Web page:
- Don't Be A Title III ADA "Test Case." Here's How To Fight Back
- August 20, 2013 | Author: Michelle Rippon
- Law Firm: Constangy, Brooks & Smith, LLP - Asheville Office
Since September 2011, approximately 40 cases have been filed in North Carolina under Title III of the Americans with Disabilities Act (the "public accommodation" section). Most of these are "tester" cases brought by one woman, Denise Payne, and the Ft. Lauderdale, Florida-based National Alliance For Accessibility, Inc. Ms. Payne, a "serial plaintiff," is a resident of Florida who has cerebal palsy and uses a wheelchair.
Public accommodations -- which include hotels, restaurants, shopping malls, and retail stores -- are prohibited from discriminating against individuals with disabilities and must be designed, built, and altered in compliance with standards set forth in the ADA Title III Technical Assistance Manual. (The U.S. Department of Justice enforces Title III of the ADA, not the Equal Employment Opportunity Commission.)
Under Title III, a plaintiff is not required to provide a business with a notice of violation or to seek remediation before suit is filed. In part because of this, many public accomodations are caught off guard and quickly agree to settle, usually with an agreement to remediate the violations and pay attorneys' fees of about $10,000. These cases are obviously lucrative for plaintiffs' lawyers -- 40 cases a year at $10,000 a case, with little or no work -- in large part because defendants are unaware of any defenses they may have and prefer settlement over the risks of litigation.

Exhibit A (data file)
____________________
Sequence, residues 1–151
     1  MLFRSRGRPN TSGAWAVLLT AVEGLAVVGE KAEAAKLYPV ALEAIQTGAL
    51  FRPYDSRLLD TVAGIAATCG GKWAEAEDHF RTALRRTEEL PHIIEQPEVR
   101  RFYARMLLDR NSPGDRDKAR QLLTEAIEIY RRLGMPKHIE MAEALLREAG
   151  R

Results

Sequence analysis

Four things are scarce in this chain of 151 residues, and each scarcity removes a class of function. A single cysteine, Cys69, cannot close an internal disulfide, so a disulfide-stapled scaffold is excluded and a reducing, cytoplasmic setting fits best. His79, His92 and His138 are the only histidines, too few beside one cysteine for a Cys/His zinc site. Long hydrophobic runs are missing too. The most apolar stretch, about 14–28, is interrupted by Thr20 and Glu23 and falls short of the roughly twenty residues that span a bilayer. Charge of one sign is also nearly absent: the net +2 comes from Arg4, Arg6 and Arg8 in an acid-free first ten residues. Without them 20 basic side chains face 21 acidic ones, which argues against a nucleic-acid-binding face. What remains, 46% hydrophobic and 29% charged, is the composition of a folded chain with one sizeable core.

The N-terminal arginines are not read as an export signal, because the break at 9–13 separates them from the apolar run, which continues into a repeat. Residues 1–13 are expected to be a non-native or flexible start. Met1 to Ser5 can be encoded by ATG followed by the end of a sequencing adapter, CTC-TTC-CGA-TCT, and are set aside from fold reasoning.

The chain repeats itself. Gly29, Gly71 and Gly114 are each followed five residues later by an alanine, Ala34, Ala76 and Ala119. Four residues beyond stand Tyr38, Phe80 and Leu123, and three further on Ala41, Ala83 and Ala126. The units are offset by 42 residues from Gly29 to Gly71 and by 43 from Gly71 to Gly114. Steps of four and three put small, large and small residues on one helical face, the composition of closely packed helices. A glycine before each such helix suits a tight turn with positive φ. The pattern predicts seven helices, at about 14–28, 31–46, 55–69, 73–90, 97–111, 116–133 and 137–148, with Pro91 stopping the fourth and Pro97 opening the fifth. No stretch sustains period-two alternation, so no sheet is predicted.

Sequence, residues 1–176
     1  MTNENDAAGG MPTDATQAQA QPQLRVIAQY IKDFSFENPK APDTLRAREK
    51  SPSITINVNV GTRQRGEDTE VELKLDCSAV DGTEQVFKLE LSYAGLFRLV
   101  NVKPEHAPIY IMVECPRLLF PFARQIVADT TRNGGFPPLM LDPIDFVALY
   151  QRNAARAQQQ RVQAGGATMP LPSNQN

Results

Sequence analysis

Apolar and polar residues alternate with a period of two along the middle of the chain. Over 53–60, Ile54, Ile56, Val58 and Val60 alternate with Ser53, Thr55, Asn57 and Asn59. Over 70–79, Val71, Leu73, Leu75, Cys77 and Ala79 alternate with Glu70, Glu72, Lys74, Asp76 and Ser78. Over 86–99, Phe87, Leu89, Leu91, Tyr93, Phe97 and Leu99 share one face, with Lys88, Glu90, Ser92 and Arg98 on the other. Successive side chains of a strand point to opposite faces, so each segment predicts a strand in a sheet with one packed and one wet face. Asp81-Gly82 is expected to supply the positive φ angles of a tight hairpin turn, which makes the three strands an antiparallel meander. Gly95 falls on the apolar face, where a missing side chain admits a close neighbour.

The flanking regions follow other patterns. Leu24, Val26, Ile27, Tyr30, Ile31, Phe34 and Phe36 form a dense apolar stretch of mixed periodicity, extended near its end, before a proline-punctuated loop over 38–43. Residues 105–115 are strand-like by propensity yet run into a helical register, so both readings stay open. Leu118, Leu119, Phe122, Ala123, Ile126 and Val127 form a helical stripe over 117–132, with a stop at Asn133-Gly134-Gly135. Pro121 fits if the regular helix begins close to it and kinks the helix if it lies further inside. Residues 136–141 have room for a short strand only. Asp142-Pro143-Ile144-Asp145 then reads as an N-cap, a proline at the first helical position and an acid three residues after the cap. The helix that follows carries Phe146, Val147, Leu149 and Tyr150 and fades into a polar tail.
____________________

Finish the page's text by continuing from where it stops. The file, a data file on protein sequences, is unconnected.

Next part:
But public accommodations in North Carolina and elsewhere may have a good defense, at least to lawsuits brought by Ms. Payne. Because she is a resident of Florida, it is virtually impossible for her to return to these facilities; therefore, she can prove no "injury in fact" and has no standing, to sue. The U.S. District Court for the Western District of North Carolina has dismissed several of these lawsuits, as have many courts nationwide. Here are links to a magistrate's recommendation and the court's order adopting the recommendation in one North Carolina case. If a retailer raises the standing issue, the plaintiff may simply dismiss her case voluntarily. However, even if she does not, it is usually still cost-effective for the employer to file a motion to dismiss and wait for a ruling before considering settlement. It also sends a message to serial litigants that they chose the wrong "victim."